The 21st Century Social Circle Ebook

[NEW DATA] Influencers are the New Social Circle: What it means for influencers

Social media technology has come a long way since Facebook’s first inception in a Harvard residence hall and since Jack Dorsey tweeted the first tweet in 2006. The way consumers use social media has evolved as well. 

Most channels initially began as a way to keep in touch, share with family and friends, or publish your content into the world, Each channel has evolved based technology updates but also how users have adopted (or not) certain features and forced social platforms to cater to the ways people use them.

In Sideqik’s latest ebook, “The 21st Century Social Circle,” we examined how social media has changed, the different way users spend time on each channel, and what that means for influencers across platforms. [Tl;dr? Download it here.]

Facebook

Facebook says its mission is “to give people the power to build community and bring the world closer together. People use Facebook to stay connected with friends and family, to discover what’s going on in the world, and to share and express what matters to them.”

Our data proves that this holds true even 15 years into its existence. In fact, 88% of people on Facebook say they log on to keep up with real-life friends, while less than half of users on all other platforms use them to connect to people they know in real life.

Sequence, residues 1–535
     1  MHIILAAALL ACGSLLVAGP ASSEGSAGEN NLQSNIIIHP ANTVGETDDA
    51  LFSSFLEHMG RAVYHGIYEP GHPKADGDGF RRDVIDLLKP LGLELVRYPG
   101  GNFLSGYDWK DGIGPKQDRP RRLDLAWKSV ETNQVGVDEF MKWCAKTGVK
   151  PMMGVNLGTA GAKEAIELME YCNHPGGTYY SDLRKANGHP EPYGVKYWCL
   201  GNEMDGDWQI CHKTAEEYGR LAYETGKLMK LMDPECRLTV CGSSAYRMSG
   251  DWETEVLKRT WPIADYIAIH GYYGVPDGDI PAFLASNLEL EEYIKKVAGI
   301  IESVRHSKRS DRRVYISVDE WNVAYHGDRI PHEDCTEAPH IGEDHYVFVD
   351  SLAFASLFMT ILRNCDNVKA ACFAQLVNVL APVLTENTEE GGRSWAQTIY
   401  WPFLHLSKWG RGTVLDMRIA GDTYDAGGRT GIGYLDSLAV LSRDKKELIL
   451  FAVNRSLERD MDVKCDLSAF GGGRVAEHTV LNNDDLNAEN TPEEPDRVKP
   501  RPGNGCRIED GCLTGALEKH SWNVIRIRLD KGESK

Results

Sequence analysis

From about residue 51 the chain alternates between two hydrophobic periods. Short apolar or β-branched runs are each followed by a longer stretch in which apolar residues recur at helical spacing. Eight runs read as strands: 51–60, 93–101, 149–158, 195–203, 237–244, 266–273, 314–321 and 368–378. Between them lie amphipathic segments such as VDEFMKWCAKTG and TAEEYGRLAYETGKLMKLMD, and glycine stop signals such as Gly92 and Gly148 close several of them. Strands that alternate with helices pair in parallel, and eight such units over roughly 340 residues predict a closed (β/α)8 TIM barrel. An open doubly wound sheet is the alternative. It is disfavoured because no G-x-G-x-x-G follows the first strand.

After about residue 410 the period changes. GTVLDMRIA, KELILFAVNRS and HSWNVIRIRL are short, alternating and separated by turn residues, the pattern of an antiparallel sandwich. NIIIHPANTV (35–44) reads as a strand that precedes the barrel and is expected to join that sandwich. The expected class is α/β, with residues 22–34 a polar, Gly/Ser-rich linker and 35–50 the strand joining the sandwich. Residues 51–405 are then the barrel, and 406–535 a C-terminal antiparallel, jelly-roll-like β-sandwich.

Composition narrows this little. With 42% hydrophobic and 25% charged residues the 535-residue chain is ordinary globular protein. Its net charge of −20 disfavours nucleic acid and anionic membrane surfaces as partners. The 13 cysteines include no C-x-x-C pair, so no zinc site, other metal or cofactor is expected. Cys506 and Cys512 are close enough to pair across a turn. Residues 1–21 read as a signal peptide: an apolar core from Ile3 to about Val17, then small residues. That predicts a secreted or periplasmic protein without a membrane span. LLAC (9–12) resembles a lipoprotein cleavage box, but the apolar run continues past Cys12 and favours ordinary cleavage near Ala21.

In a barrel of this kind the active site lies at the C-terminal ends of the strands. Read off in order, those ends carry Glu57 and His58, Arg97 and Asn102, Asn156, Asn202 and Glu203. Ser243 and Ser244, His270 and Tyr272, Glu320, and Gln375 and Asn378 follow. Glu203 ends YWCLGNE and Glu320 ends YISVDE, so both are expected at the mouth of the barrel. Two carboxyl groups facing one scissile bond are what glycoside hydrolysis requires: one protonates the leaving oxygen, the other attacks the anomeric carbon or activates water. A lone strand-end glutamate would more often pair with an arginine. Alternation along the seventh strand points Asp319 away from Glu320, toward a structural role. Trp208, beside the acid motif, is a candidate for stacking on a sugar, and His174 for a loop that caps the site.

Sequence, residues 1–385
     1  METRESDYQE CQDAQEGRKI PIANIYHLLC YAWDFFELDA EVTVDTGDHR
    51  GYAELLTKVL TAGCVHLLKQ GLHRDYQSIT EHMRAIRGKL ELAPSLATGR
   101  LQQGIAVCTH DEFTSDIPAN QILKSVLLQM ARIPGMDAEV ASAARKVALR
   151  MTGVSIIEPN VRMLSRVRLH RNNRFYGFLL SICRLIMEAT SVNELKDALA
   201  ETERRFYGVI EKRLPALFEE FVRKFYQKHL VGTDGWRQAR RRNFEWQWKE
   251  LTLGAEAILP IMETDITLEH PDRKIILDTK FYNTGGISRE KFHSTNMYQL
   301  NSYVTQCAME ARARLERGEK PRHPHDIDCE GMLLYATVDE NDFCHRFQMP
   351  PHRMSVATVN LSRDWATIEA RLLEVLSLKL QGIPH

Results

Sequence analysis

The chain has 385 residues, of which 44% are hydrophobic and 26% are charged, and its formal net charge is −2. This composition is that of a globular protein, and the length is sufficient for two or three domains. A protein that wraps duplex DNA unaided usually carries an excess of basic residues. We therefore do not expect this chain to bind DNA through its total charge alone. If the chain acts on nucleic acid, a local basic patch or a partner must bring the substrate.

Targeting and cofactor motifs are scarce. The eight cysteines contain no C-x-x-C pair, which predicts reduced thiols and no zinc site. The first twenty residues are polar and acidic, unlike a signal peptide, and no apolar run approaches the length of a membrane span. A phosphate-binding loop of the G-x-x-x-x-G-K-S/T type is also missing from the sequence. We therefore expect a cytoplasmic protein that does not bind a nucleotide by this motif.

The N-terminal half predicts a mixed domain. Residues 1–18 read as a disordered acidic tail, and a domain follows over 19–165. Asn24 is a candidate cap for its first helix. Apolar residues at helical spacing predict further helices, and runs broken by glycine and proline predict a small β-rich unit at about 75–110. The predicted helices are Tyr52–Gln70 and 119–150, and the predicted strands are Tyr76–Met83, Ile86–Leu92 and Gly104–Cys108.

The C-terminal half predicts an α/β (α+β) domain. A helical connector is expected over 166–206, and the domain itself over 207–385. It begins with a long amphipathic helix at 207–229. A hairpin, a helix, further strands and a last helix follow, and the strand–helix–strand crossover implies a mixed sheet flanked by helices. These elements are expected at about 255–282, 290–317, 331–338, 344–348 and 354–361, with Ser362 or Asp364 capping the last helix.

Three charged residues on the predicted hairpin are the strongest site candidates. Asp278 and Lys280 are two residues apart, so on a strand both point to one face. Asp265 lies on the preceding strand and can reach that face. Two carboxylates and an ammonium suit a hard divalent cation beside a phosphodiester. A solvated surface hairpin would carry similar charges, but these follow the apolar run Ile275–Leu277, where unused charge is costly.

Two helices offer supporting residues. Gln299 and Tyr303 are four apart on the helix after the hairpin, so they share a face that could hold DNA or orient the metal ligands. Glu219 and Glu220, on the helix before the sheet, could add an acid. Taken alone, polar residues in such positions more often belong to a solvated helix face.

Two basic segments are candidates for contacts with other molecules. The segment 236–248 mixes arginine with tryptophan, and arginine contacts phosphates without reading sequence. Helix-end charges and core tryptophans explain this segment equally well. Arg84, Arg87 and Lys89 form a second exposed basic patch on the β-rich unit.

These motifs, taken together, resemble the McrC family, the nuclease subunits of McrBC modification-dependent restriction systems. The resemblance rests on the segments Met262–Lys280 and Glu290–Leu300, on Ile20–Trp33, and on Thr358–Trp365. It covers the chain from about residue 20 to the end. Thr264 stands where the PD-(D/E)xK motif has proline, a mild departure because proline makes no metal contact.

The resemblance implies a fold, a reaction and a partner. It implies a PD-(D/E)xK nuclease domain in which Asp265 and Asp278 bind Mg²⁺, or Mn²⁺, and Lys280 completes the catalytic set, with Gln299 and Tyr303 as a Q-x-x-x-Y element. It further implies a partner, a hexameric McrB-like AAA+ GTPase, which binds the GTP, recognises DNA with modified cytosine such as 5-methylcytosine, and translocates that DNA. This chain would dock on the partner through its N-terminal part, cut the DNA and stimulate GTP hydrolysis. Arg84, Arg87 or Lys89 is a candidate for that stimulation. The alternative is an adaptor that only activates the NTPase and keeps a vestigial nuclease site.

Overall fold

Instagram

Instagram began as a visual communication app — only allowing users to share, comment on, and like images. While it’s a common joke that millennials love to Instagram their meals, it actually fits within Instagram’s mission: “to capture and share the world’s moments.” 

But the sharing of moments on Instagram has led to more than just snapping a well-lit picture of your avocado toast. Our exclusive data shows that the majority of users log in to Instagram each day to gain an inside view of celebrity/influencer lives.

This means it’s one of the best and easiest places for influencers to build their audiences, increase authenticity, and promote brands.

Twitter

According to its own data, 326 million people use Twitter every month, but only 36% of Twitter users actually log in to tweet to people they know in real life, according to our data. The real reason users go to the platform to keep up with the latest news. 

Other data shows that Twitter is the number one platform for government leaders. According to a 2018 Twiplomacy study, 187 governments and heads of state maintain an official presence on Twitter. 

It makes sense that’s where people go to hear the latest on the world, celebrities, sport, and more with trending hashtags and Explore options in the new Twitter UI. 

YouTube

While YouTube began as a place to share your content with the world, our data shows that most people actually go to the video site for honest reviews of products and brands. 

What’s the next best thing to ordering a product to try for yourself? Getting the info from someone who has. YouTube visitors get to see a product and hear a real person describe the pros and cons of it for them. It’s like a virtual referral.